How lucky are we to have a Class A nature reserve on our doorstep, well actually 18 kilometres off the Fremantle coast.
Wadjemup, Rottnest Island is a Class A reserve. These reserves are the most protected type of public land in Western Australia.
Rottnest is home to 11,000 quokkas. Quokkas are nocturnal marsupials and the only land mammal on the island. They have become a huge tourist attraction.
William de Vlamingh, the Dutch explorer, landed on Rottnest Island in 1696. He described finding ‘a kind of rat as big as a cat’ and named the island ‘Ratte nest’ (rat’s nest) and sailed away.
Quokkas are some of the smallest members of the ‘big foot’ family, which also includes kangaroos and wallabies. I spent a few days on Rottnest Island this week. There are cute joeys peeking out of their mother’s pouches and joeys hopping along close to their mums.
On Rottnest Island, quokkas have become opportunists and sometimes are a nuisance for business owners. They hang around the settlement and wander into cafes and restaurants in search of food.
There is plenty of natural food for quokkas on the island: they eat leaves, grass and love getting intoxicated on Morten Bay figs. When water is scarce, they eat water-storing succulents. It is important not to give quokkas water as it can cause toxicity and death.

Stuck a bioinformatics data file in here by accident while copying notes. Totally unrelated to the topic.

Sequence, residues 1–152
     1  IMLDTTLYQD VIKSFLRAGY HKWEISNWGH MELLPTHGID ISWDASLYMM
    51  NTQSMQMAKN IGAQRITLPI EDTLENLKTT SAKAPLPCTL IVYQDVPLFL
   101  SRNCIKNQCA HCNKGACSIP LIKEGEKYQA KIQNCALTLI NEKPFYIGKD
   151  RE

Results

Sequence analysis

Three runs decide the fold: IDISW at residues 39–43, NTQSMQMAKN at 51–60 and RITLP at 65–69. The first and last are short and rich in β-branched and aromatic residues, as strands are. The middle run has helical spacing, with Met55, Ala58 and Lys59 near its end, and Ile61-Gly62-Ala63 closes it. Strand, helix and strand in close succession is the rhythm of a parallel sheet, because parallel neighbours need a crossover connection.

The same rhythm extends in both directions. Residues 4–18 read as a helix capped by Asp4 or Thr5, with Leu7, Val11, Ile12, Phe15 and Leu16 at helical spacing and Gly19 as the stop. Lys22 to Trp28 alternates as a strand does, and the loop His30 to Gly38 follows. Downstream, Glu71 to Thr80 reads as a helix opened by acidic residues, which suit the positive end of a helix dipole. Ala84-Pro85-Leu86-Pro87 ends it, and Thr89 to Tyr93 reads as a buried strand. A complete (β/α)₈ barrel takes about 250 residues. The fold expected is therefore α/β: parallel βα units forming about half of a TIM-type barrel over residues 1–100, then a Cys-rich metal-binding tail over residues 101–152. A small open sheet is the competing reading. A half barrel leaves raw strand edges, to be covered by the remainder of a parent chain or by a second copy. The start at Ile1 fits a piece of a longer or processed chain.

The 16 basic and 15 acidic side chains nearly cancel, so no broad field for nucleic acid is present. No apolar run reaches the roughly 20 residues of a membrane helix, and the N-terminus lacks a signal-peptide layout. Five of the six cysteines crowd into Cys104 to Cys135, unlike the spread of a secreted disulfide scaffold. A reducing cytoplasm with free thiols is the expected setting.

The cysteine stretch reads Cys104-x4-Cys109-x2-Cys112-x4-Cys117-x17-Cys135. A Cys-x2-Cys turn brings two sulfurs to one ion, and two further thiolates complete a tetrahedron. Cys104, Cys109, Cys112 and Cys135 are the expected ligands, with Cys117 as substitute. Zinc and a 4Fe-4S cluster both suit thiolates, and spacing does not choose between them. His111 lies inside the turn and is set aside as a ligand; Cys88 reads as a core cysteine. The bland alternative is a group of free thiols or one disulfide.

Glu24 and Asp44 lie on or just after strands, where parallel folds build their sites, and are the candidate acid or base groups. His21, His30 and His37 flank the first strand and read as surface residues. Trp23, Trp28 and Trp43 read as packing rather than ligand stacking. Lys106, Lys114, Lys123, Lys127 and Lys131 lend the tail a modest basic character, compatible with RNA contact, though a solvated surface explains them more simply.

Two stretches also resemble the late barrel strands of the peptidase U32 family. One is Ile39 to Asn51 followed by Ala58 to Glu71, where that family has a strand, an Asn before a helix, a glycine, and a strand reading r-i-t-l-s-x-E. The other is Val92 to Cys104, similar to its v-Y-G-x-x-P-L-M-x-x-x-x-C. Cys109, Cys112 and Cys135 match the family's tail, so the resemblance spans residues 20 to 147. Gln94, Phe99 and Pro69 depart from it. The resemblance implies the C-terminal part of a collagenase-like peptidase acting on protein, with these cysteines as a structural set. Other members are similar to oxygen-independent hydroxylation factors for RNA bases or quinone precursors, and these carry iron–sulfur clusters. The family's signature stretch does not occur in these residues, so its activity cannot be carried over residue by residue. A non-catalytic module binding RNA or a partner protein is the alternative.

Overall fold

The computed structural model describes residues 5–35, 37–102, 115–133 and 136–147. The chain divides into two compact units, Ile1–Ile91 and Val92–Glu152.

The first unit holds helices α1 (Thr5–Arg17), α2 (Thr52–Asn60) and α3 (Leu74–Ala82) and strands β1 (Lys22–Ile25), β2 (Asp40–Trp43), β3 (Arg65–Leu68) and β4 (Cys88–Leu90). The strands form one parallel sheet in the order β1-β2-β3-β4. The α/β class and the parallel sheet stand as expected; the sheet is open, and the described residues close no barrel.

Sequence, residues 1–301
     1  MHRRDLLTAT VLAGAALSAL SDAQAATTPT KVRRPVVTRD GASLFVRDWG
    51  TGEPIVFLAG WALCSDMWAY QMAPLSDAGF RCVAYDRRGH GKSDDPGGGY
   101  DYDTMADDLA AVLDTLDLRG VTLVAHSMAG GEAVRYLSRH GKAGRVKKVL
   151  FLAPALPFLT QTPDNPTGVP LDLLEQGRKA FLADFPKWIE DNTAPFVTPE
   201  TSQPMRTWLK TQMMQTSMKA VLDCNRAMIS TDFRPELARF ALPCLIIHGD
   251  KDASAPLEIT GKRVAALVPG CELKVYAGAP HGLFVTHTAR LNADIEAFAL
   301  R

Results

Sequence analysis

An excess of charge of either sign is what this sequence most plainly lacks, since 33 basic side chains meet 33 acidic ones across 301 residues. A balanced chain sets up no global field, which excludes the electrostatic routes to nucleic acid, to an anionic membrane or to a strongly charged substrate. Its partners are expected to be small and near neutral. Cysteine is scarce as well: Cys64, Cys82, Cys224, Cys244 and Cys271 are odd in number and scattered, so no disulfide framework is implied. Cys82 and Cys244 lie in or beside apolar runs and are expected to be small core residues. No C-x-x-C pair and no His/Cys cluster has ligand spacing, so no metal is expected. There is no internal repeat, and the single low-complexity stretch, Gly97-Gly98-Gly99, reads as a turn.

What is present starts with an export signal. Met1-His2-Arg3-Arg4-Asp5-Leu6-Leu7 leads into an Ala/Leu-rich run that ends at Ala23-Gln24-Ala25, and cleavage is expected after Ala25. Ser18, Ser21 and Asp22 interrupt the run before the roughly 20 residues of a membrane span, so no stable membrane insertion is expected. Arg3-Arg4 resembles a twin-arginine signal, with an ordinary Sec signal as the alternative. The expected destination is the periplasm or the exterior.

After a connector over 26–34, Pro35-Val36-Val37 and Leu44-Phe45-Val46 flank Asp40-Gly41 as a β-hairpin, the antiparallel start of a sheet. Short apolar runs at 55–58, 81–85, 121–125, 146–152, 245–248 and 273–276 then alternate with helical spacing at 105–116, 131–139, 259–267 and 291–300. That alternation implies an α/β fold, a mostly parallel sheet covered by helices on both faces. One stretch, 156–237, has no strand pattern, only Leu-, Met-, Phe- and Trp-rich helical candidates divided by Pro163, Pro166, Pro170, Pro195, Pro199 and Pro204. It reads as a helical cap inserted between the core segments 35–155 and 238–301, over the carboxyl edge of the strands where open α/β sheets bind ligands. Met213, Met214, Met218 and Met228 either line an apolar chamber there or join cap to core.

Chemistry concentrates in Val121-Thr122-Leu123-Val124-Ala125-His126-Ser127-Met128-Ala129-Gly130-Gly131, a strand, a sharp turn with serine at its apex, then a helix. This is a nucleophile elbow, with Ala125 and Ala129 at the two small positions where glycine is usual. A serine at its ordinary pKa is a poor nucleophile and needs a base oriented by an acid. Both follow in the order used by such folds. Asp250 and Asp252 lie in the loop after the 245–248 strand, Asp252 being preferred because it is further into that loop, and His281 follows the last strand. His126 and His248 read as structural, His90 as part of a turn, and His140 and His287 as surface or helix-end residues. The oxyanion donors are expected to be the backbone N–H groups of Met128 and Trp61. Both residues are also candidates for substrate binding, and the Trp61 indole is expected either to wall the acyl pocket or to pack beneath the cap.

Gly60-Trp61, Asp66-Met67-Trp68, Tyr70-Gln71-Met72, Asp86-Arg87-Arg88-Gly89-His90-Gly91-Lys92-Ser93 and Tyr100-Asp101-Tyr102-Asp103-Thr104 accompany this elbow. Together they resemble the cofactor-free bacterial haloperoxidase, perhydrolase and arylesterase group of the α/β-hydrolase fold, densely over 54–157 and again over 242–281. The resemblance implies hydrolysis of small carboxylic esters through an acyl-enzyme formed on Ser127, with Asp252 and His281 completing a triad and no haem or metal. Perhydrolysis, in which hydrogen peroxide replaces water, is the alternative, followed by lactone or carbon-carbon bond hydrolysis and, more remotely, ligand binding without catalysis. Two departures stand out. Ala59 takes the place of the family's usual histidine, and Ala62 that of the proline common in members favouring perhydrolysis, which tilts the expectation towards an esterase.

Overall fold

When the good leaves are hard to reach, they climb trees. They have the skills they need to thrive in their natural environment. They have evolved over the 7,000 years since sea levels rose and Rottnest Island became separated from the mainland.
Quokkas should not be fed human food and become unwell when fed anything with yeast. Yeast causes their fur to fall out. I was saddened to see three men at the hotel feeding a quokka tomato sauce and allowing it to eat the remains of their dinner – it is crazy how far people will go to get an unique ‘selfie’ shot to post on Instagram!
Quokkas are curious creatures, you do not need to approach them or offer them food to get close enough for a photograph. Simply get down to their level and wait for them to come to you.
Quokkas look cute and cuddly, but they are wild animals and should be given space. Several people are treated for quokka bites and scratches in the island’s medical centre each year. You can be fined for touching a quokka.
For the month of September, Rottnest Island is celebrating the Quokka Birthday. Children under 12, travel on the ferry for free. There are also reduced ferry tickets for adults.
Lots of free events are taking place – party activities and entertainment for children. There are free talks about quokkas and guided nature walks by rangers.
So, if you are stuck for something to do over the long weekend – jump on the ferry to Rottnest Island and join in the fun!